Hopkinton School Board considering adding Eid al Fitr and Lunar New Year to holidays


Lunar New Year and Eid al Fitr could become the last school holidays in Hopkinton, as the school committee weighs a proposed update to the school calendar.

The district surveyed families about vacations in 2018 amid growing and changing demographics, and it found less than 65% of its families were white, down from about 90% a decade ago. Based on the results of the survey, the school board is evaluating three proposals: keep the calendar as it is, add Lunar New Year and Eid al Fitr, or eliminate all days off for religious holidays.

Schools are currently taking off for Rosh Hashanah, Yom Kippur, Diwali and Good Friday, as well as all federal holidays, including Christmas.

The board debated the proposal at its meeting last week and plans to vote at its next meeting on February 3.

Superintendent Carol Cavanaugh supports the proposal to add two additional holidays to the school calendar. She thinks disruption to the school year will be minimal as some public holidays will fall on weekends from year to year, and occasional extra days off will support students’ mental health.

Cavanaugh is also worried about students who might want to go on vacation but feel pressured to come to school so they don’t fall behind.

“Our kids sometimes say, ‘I would have loved to be home…but I didn’t make the time because of school stress and pressure,'” Cavanaugh said. “Sometimes they take it and even when they try to observe a religious or cultural event, it is stressful for them.”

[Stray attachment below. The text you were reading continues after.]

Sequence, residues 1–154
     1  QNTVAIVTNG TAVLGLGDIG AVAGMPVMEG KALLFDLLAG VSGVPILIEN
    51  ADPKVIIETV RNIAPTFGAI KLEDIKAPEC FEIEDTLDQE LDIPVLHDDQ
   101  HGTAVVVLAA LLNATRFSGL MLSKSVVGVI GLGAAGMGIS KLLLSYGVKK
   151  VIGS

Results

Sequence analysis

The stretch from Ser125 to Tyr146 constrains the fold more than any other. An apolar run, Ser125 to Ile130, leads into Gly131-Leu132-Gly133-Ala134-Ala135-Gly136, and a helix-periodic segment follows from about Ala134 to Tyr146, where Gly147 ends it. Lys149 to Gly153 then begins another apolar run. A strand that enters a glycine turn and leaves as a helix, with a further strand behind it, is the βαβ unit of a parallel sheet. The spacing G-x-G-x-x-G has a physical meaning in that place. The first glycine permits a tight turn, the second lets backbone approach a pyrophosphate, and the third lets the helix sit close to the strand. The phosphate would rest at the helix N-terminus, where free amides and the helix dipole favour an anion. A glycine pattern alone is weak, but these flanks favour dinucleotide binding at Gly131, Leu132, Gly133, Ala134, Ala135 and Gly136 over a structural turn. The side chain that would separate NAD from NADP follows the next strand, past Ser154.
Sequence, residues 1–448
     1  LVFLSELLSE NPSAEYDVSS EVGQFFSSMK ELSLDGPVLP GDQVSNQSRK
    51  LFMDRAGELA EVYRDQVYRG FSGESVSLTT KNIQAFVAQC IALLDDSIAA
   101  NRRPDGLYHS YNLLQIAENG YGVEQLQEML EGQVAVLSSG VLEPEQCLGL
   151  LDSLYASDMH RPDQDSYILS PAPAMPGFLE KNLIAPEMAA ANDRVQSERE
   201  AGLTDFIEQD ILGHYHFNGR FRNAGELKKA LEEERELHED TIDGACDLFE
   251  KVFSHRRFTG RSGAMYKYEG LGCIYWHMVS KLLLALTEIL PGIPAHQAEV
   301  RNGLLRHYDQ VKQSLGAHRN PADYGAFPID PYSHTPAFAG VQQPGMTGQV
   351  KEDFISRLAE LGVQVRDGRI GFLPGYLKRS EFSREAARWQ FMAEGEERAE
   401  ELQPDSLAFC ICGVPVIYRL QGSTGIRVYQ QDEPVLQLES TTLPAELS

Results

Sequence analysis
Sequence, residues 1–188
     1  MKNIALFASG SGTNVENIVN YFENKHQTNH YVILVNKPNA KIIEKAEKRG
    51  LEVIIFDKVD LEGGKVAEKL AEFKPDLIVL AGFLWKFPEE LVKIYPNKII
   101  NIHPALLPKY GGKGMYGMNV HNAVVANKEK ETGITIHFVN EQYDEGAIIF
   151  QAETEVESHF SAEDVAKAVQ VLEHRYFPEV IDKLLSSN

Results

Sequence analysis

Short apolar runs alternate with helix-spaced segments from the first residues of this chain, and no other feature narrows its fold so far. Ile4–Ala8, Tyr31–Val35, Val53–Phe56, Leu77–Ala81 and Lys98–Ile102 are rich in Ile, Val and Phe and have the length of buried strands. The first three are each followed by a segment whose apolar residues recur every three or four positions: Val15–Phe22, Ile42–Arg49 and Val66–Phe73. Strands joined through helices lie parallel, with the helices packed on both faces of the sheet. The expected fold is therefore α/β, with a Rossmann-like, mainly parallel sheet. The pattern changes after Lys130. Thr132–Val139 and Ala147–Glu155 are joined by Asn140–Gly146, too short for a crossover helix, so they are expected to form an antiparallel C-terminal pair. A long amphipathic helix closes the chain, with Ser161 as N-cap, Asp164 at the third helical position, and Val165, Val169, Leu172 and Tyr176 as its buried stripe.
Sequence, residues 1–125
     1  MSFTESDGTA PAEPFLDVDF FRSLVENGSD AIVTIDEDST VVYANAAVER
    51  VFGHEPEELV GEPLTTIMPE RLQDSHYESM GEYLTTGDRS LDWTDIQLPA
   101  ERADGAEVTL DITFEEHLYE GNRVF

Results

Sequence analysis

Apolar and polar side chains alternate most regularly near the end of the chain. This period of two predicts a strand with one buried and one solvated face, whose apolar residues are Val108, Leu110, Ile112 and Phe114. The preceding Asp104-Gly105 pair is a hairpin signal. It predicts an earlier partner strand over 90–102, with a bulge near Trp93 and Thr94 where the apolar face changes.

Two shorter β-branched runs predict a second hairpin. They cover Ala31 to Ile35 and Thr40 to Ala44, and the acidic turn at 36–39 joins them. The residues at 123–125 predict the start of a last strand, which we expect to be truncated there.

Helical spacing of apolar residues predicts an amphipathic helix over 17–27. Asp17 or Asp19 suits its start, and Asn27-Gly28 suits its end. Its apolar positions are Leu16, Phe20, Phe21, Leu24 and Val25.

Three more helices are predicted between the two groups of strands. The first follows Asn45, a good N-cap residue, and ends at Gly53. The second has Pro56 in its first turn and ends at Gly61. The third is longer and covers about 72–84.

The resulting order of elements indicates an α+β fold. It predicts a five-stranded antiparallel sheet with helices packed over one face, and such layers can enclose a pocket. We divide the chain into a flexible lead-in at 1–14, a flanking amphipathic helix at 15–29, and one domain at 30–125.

Still, some school board members are concerned about learning disruptions and would rather see schools giving no days off for religious holidays, rather than adding days off.

“I think of all those children whose rhythms are continually disrupted by, say, the many holidays we have this autumn, especially children with disabilities or who have so-called special needs. So where are they in this equation? said Meg Tyler, a member of the school committee, at the board meeting last Thursday. “I understand that people have great religions and deep, meaningful spiritual lives, but we are a public educational institution.”

Proponents of the plan argued at the board meeting that eliminating all religious holidays would also disrupt education, as schools could end up having many teachers and students absent for major holidays.

Student representative Jessica Ianelli added that many students support the proposed schedule. “Inclusiveness is a value that is very strongly held within the student population,” she said at the meeting last week.

Hopkinton Teachers Association President Becky Abate sees the potential schedule changes as a first step toward inclusivity in a rapidly diverse district and a race-conscious nation.

“We can talk about inclusion, but if it doesn’t feel inclusive in schools, then that’s something that needs to be addressed,” she said. “I think there are maybe bigger issues that need to be addressed, which won’t necessarily be resolved by changing the schedule, but it’s certainly, I guess, a step in the right direction.”


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